In my own life, when I’ve gone through a time where I’m struggling with something, and I’m just too busy worrying or pondering over it, I tend to stray from prayer. My focus is more on complaining than talking with God. I’ve recently taken a new course with this. Every time I feel that urge to complain or dwell on something, I pray for the Holy Spirit to guide me through it; to guide my actions and push me to do what’s right in God’s eyes. Even if my kids are fighting, yet again, and one of them pushed the other off the couch, I can take a moment BEFORE reacting and practice that ‘prayer pause’. I’ve heard it said by all sorts of speakers and influential people that we should practice the pause. I like to call this the prayer pause. When I need to react to a situation, such as my nutty kids, I take a moment to pray for guidance in my reaction and to react in a loving way. (Side note: My kids are nuts, but I love them!)

This isn’t easy, is it? When something is bothering us, we want to give in to that urge to react instantly. It definitely takes time and practice for it to become a habit. But it truly does become a habit. And, of course, plan to slip up sometimes because it will happen. I honestly yelled, like YELLED, at my kids the other day saying “GOD WANTS US TO LOVE EACH OTHER!!!” Wow. Embarrassing mom moment for sure. I don’t think I was showing them how to love in that moment. But in the moments afterward, when I humbled myself, hugged them, and apologized, I was showing them love. Asking for forgiveness when you’ve done wrong is a great way to show love. And this is true for anyone in your life.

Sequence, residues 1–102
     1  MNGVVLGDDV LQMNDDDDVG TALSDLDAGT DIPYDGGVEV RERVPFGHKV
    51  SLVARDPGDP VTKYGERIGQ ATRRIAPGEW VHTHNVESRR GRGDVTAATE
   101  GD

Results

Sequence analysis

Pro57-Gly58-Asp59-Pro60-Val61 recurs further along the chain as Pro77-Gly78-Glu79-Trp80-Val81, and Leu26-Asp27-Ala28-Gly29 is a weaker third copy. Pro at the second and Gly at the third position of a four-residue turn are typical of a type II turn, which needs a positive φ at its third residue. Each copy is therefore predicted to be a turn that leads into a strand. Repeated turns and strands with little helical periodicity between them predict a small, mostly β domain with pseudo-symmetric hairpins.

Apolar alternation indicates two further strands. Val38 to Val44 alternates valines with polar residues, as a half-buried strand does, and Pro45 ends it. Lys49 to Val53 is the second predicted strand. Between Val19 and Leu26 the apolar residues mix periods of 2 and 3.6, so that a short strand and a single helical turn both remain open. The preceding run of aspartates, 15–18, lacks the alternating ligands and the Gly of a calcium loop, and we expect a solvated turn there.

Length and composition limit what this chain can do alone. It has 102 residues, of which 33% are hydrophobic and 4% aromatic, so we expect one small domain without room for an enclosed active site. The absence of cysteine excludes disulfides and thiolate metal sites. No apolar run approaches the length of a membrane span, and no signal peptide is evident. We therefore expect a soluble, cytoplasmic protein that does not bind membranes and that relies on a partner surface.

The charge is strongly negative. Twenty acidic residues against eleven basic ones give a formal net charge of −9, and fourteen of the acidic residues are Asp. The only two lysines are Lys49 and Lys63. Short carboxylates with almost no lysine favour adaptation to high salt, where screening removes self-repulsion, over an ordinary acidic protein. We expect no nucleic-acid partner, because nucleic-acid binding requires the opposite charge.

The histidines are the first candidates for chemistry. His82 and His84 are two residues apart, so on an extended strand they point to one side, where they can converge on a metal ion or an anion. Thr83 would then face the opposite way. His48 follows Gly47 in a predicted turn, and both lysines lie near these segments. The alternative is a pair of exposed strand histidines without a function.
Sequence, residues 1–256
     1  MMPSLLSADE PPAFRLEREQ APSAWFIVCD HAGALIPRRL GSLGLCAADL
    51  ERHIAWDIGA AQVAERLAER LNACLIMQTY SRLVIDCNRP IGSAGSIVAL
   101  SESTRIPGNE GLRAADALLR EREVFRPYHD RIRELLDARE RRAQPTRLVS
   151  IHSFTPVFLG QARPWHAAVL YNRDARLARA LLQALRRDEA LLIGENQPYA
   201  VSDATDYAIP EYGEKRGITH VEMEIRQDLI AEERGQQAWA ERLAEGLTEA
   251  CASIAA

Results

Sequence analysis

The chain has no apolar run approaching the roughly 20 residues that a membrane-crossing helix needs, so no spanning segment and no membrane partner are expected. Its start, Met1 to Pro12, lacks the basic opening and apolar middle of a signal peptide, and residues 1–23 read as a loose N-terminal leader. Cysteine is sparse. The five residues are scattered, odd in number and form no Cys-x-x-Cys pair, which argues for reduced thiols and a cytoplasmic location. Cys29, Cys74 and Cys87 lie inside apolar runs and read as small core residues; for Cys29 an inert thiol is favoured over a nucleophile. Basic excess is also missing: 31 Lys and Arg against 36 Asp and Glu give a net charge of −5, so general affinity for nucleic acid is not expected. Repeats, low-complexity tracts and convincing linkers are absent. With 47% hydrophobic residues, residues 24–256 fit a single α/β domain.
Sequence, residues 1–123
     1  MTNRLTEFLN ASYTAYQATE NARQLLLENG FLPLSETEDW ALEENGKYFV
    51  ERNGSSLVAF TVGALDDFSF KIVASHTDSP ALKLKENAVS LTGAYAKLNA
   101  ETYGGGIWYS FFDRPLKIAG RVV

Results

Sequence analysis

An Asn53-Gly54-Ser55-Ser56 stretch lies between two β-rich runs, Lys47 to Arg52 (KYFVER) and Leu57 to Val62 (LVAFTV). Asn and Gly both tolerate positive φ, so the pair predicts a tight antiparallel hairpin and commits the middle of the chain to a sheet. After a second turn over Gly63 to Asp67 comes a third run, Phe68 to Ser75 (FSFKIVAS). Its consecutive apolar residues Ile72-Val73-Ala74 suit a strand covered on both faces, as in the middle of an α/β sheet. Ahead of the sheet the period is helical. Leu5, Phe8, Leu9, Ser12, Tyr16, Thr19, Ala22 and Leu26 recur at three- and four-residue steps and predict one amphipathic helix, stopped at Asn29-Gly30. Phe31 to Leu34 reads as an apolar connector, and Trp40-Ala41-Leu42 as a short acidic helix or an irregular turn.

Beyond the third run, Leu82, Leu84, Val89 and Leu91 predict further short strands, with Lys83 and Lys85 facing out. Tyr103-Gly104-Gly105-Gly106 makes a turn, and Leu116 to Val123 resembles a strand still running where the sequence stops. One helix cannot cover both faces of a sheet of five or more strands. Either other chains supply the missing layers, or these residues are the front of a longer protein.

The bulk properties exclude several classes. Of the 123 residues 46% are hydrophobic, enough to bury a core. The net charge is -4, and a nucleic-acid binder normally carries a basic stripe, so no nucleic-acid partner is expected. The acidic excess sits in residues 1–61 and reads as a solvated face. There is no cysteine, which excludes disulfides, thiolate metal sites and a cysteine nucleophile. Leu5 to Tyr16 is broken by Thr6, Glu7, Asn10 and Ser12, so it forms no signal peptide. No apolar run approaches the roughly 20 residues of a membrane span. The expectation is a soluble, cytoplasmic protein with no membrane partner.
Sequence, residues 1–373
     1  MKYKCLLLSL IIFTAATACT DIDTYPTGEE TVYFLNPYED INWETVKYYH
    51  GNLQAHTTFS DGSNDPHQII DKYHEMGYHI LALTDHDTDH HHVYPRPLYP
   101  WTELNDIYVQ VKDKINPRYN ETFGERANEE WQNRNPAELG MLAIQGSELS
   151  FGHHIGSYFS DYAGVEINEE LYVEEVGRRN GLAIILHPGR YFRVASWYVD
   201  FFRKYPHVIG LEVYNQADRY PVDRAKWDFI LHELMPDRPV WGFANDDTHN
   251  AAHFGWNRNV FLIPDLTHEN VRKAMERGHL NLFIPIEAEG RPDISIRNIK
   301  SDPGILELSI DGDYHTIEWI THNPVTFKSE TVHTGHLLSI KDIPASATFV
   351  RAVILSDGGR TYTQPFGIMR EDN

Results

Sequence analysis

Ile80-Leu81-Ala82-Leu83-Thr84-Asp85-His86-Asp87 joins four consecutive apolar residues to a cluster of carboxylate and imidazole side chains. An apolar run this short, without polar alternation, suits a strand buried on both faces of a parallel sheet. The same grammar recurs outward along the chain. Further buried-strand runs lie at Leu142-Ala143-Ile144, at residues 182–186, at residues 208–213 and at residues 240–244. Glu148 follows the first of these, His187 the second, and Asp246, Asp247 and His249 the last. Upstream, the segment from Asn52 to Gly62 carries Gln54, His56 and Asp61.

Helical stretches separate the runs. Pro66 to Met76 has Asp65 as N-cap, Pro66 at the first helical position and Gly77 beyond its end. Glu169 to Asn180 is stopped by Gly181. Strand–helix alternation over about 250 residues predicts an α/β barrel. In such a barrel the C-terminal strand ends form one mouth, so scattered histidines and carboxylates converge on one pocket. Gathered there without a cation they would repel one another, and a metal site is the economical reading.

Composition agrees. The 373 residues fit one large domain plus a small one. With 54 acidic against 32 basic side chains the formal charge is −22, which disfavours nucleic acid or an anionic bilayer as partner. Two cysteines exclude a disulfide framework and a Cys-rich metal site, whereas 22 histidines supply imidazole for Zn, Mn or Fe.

I will close with a quote from one of my favorite Christian influencers, Alistair Begg. “Sincere love is not as a result of emotional surges – it’s a result of obedience to the truth.”

Ready for a challenge? I challenge you this week to practice the prayer pause, focusing on loving everyone you interact with.

  1. When you find yourself wanting to react on impulse to a situation, pause and pray before you do.
  2. Try to look at people differently. Understand that each person has struggles of their own.
  3. Ask yourself if the person you are having difficulty with has been saved. If they haven’t been, ask yourself, Are my actions and attitudes going to show Christ in me or give them a distorted view of Christ?

I would love if you would come back and share your experiences! Thank you for reading and God bless.

Love in Christ,

Stephanie

*Count Acquired using English Standard Version Bible

If you missed the first post on The Fruit of the Spirit Series, you can read it here.

Make sure you don’t miss any of the upcoming series posts by signing up below:

Subscribe to get updates, participate in giveaways, and get special savings on Christian products.  I look forward to sharing with you!


By submitting this form, you are granting: Heavenly Moments, permission to email you. You may unsubscribe via the link found at the bottom of every email. (See our Email Privacy Policy (http://constantcontact.com/legal/privacy-statement) for details.) Emails are serviced by Constant Contact.

3 thoughts on “Fruit of the Spirit Series: The Fruit of the Spirit is Love

  1. accepthecall says:

    It’s definitely hard to love but it’s not impossible. The way I see it is if Jesus can love us sinners then we should be able to love others. Great post by the way.

Comments are closed.